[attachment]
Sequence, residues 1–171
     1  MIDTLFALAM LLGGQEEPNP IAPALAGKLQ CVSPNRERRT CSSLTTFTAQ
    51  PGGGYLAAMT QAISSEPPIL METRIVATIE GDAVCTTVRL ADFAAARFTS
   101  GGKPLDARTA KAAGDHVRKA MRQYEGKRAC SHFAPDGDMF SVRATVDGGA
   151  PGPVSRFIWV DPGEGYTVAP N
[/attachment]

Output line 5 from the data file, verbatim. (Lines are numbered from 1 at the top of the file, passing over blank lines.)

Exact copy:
   151  PGPVSRFIWV DPGEGYTVAP N